Despite the current craze for off-the-beaten-path wines and rare indigenous varieties, sometimes it’s nice to just stick with the classics. Classic grape varieties are timeless; they’re comfortable, easy to find, and provide a point of reference when learning about less popular varieties. According to the International Business Times, the 10 most popular grape varieties (in order) are as follows: Cabernet Sauvignon, Merlot, Airen, Tempranillo, Chardonnay, Syrah, Garnacha, Sauvignon Blanc, Trebbiano, and Pinot Noir.

As a matter of fact, these grape varieties occupy a whopping 41 percent of the market! So what’s the story behind these renowned grapes? Believe it or not, all 10 varieties come from only three countries, with nine of them coming from only two! It goes like this:

As you might have guessed, six out of 10 of these grapes come from everyone’s favorite wine-soaked country, France. Cabernet Sauvignon and Merlot dominate the list, occupying 12 percent of the market alone. These two red varietals, along with our No. 8 grape, Sauvignon Blanc, come from the renowned region of Bordeaux. Most wines from Bordeaux are blends; Left Bank blends are generally Cabernet Sauvignon-dominant, while Merlot reigns on the Right Bank. Most whites from Bordeaux are blends, as well; Sauvignon Blanc is generally coupled with Semillon. Chardonnay and Pinot Noir both come from Burgundy, where they make world-class varietal wines, meaning only one grape is used in the bottle. And our last French find from the top 10 list? Number six, Syrah, comes from the Rhone Valley, where it makes powerful, robust varietal wines in the north, and works alongside Grenache, as well as other varieties, in blends in the south.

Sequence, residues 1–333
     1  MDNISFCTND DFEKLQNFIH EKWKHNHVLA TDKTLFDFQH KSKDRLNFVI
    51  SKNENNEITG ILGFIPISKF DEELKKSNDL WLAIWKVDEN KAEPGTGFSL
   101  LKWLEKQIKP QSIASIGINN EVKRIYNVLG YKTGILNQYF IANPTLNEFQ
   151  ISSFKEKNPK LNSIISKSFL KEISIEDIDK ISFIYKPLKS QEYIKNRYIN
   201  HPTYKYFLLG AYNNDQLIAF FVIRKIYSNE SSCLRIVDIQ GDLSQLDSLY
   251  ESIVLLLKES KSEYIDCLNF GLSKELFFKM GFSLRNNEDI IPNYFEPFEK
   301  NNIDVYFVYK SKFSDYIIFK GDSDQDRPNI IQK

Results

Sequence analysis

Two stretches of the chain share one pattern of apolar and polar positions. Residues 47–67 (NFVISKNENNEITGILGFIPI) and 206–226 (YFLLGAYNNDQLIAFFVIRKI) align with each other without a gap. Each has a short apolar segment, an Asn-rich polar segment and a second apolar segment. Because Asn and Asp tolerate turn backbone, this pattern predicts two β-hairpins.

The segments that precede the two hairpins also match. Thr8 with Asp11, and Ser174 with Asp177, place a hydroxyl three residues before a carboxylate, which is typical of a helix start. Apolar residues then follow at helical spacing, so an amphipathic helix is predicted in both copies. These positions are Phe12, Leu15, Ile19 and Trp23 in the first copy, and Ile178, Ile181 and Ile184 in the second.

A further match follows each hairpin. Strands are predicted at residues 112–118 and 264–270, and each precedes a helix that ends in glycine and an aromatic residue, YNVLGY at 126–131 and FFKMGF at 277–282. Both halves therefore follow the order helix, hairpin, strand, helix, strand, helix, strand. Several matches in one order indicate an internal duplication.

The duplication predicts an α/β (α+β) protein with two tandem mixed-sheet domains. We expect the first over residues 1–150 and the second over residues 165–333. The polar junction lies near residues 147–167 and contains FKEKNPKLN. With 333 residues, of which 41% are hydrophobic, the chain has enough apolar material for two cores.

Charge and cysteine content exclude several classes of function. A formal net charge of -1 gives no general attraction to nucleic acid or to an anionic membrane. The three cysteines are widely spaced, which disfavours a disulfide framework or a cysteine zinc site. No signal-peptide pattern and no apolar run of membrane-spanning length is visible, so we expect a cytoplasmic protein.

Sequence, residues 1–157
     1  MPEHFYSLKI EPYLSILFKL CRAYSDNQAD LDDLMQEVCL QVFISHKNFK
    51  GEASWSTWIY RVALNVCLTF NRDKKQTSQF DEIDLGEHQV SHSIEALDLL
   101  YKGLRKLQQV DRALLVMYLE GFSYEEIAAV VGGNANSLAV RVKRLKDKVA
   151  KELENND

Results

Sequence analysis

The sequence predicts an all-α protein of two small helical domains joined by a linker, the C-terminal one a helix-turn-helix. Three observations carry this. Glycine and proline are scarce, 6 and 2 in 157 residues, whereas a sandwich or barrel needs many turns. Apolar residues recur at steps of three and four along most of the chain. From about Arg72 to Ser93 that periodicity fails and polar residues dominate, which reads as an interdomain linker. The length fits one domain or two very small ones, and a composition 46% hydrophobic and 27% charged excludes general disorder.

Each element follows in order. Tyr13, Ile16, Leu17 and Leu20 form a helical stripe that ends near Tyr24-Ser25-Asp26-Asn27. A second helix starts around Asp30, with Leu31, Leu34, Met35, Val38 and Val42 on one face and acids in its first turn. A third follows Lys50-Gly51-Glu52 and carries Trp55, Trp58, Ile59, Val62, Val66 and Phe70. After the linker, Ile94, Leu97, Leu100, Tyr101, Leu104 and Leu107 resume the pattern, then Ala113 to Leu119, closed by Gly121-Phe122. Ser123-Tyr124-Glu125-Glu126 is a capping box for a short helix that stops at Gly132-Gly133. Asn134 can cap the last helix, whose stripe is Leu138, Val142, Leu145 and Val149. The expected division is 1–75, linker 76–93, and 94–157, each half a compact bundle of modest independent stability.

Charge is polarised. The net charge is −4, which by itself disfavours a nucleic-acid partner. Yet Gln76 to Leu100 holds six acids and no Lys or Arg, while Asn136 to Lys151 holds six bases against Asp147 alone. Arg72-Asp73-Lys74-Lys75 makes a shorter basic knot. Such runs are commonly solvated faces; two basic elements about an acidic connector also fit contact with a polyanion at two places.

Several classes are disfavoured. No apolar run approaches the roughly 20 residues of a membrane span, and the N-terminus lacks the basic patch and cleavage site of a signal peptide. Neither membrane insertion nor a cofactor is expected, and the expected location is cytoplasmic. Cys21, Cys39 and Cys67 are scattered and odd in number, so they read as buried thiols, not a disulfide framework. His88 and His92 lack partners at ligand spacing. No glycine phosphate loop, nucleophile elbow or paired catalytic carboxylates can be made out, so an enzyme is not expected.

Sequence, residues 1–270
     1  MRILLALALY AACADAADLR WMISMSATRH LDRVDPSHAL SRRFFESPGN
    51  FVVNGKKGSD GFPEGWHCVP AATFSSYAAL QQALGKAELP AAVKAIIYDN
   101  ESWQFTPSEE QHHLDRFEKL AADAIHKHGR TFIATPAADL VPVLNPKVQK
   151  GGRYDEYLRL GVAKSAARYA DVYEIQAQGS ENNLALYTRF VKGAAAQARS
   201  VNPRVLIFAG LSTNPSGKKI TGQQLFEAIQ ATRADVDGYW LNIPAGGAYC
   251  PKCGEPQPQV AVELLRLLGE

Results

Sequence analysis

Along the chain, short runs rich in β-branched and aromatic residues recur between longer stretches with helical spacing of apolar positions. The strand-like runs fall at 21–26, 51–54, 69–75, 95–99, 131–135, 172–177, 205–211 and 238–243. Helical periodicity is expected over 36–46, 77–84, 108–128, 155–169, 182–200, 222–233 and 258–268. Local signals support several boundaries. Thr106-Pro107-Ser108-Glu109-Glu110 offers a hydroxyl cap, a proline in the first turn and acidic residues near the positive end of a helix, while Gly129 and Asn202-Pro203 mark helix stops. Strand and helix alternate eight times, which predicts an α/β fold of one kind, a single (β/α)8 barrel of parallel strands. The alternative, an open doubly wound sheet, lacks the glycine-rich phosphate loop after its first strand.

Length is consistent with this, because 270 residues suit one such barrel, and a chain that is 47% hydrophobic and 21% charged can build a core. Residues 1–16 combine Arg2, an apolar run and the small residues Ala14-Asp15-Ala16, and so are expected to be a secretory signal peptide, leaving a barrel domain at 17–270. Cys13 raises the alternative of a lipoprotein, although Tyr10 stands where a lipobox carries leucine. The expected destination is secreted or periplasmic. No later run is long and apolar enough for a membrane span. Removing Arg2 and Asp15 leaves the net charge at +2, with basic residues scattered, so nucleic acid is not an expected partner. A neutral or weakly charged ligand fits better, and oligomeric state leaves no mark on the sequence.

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Three varieties on the list come from Spain, another huge wine-producing region. Despite being No. 3 on the list, Airen is extremely unknown outside of the country. This white wine grape is responsible for tons of Spain’s table wine, as well as for the production of brandy. Just below Airen is the red powerhouse Tempranillo. The grape’s popularity is on the rise, with plantings popping up throughout Spain, California, Texas, Australia, and other New World growing regions. However, Tempranillo’s most renowned examples still come from Rioja, located in the northern part of the country. Just a few spots down, at No. 7, sits Garnacha Tinta, otherwise known as Grenache. The grape is planted all over the world, though its most renowned regions still remain Priorat and the Rhone Valley.

And the last lonely grape? Our No. 9 white wine grape, Trebbiano Toscano, is the only grape on the list that hails from Italy and is the country’s most widely planted white grape. Trebbiano comes in many shapes and forms; that’s to say, an abundance of clones exists throughout the country. Believe it or not, Trebbiano is also the most widely planted white grape variety in France, where it goes by the name Ugni Blanc; the grape’s naturally high acidity makes it the most popular varietal for Cognac and Armagnac production.